Zoning is a series of laws that determine how land is used and what is allowed to be built on a particular piece of property. Industrial zoning refers to land that permits the manufacturing of industrial products, factories, power plants, warehouses, and other uses that are important to that area’s economy. This includes spaces that create, store or distribute products, or produce or refine energy or fuel. In some cities, this can also include film production, construction and distribution centers, transportation hubs like airports, or municipal services like sewage treatment plants. The exact permitted uses vary by city. When the American Planning Association first developed the principles of zoning, and specifically industrial zoning, they grouped different types of industrial businesses and zoning permissions by the impact that these industries had on their surrounding areas. “Zoning districts would be described by listing the measurable limits of noise, smoke, odor, vibration, glare, etc. that would be permitted for any industrial use in that particular district but the uses would not be listed by name.” In this case, it was more important not to limit the specific kinds of industry but instead focus on specific effects that had to be contained within these districts so as not to impact residential areas. Later on, different cities added regulations for use as well as regulations for impact.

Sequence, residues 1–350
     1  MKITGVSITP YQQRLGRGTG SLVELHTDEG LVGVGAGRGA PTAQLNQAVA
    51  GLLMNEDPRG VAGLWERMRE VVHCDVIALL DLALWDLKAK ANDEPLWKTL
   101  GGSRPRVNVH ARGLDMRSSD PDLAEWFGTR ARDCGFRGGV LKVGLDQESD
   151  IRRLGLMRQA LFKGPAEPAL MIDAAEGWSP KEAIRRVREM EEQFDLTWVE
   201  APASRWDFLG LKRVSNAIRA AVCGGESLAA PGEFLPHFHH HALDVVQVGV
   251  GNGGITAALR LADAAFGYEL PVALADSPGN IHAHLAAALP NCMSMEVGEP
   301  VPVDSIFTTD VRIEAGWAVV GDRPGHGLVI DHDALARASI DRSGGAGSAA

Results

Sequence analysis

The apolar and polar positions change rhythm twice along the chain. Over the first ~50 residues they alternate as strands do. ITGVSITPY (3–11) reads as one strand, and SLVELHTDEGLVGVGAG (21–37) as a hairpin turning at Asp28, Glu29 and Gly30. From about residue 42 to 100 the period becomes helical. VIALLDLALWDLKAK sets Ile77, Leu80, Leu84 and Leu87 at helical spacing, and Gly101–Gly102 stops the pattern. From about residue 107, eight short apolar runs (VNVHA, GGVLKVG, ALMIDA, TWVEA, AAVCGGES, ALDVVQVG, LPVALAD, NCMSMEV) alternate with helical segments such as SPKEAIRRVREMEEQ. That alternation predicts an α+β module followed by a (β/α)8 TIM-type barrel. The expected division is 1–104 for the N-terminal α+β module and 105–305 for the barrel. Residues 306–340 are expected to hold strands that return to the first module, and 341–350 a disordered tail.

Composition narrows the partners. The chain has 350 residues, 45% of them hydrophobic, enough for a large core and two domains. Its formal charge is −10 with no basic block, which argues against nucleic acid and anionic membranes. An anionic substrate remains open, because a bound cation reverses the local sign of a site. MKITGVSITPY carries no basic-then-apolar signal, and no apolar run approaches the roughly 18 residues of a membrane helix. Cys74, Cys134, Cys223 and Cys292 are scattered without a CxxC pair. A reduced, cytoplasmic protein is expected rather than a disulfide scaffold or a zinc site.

Commercial and industrial zoning both involve non-residential or at least non-single family home land, but there are key differences between the two types of zoning. Businesses in areas zoned for commercial use, as Wicklaw noted, generally have some sort of interaction with the public. Commercial zoning can include retail stores, offices, restaurants, entertainment venues, and multifamily buildings. Areas zoned for commercial use are likely to have more regulations on noise, pollution, traffic requirements. They also have different requirements for lot size and how far the building is setback from the curb. Industrial zoning is tied to manufacturing and fabrication, explained Adam Friedman, Director of the Pratt Center for Community Development. He added, “And that fabrication process is going to have sort of ripple impacts. It’s going to generate more noise, it’s going to generate more vibrations. It might generate more car traffic.” Facilities located in industrial zones make the products that are then sold in commercial areas. They produce the energy that powers our residential and commercial spaces, or like airports or bus depots, they serve as a transportation hub between differently zoned neighborhoods.